Working paper available here. Short video for general interest audience here (German only).
Selected media coverage: New York Times – Independent – The Conversation – La Repubblica – Zeit – Süddeutsche Zeitung – Frankfurter Allgemeine Zeitung – Handelsblatt – WELT – Tagesspiegel (Print) – MDR – ntv – QMUL News – UCL News
The Effect of Ethnic Clustering on Migrant Integration in Germany (joint with Sandra Schaffner, pre-PhD)
Abstract: Since ethnic clustering is common in Germany, a better understanding of its effects on the integration of immigrants could be important for integration policies, especially in the light of rising immigration and a skilled worker shortage. Yet, both economic theory and empirical research for other countries cannot give a clear-cut answer to whether clustering is beneficial or detrimental for immigrants' integration. In this paper, the effect of residential clustering on the labour market outcome of first- generation immigrants in Germany is analysed empirically. It, thus, contributes to the literature by extending it to Germany on which hardly any research has been conducted. For the analysis, two measures for labour market integration are used: the employment probability and wage levels. In order to control for the endogeneity of the location decision, a two-step strategy is used, combining a control function and an instrumental variable (IV) approach. The results suggest a negative enclave effect on both employment and wages, that is even larger when sorting is taken into account.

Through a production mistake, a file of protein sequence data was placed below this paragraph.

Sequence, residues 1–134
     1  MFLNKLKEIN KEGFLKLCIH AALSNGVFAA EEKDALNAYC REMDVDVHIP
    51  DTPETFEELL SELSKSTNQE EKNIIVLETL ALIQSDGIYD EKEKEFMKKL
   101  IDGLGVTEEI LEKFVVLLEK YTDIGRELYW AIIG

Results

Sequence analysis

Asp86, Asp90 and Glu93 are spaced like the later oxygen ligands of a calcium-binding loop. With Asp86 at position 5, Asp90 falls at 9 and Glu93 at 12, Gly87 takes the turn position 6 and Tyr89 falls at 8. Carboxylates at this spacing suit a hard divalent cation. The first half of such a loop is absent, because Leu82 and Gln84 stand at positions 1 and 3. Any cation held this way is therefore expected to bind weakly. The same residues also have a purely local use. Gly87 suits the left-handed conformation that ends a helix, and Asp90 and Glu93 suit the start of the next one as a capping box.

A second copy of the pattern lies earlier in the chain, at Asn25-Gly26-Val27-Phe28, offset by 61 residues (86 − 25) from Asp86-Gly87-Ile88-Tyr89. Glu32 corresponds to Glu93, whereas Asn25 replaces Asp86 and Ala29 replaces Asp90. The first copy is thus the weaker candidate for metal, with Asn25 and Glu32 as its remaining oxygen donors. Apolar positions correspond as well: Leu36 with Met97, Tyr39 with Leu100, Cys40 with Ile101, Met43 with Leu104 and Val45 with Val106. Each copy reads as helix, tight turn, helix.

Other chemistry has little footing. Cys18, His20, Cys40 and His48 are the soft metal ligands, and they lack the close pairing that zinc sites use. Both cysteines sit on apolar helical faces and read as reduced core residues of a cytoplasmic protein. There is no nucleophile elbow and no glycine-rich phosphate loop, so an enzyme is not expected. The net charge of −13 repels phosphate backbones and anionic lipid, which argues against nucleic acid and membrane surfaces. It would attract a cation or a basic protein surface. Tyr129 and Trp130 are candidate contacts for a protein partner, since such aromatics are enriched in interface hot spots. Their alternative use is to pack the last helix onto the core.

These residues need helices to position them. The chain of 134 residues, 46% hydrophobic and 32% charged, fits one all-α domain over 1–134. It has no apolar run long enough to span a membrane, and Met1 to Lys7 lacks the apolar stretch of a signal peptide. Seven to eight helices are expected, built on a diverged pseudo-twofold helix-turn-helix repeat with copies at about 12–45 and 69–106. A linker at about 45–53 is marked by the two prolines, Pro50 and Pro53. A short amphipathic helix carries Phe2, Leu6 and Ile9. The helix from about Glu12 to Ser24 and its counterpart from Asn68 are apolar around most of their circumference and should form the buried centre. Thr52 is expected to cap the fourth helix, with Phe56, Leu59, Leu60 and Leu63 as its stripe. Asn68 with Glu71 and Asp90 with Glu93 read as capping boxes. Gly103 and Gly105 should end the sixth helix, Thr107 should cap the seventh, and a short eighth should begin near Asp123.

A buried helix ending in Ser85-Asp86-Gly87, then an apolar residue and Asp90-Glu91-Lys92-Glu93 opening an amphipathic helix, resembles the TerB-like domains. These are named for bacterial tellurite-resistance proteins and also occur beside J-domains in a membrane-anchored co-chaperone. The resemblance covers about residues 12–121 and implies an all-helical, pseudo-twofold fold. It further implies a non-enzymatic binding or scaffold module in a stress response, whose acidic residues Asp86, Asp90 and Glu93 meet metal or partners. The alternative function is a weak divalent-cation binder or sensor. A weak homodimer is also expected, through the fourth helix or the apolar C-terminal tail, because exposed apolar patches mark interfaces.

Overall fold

Working paper available here.
Work in progress
Determinants of Women's Franchise (joint with Carola Stapper)
To grant or not to grant? Lessons in Social Mobility from German Student Finance (joint with Carl Gergs, Frauke Peter and Heike Spangenberg)
Labor Demand and Workforce Diversity: Evidence from Two Natural Experiments (joint with Anna Bindler, Lena Janys and Luisa Santiago Wolf)
I consider public outreach activities very important. I am the organiser of ECONtributes's Reinhard Selten Equal Opportunity Talk Series (ReStart) which aims at communicating to the public current research findings on equal opportunitiy issues. Several times a year, renowned reserachers present their research findings in an accessible way, followed by a discussion with participants. To find out more about upcoming events, visit ECONtribute's homepage.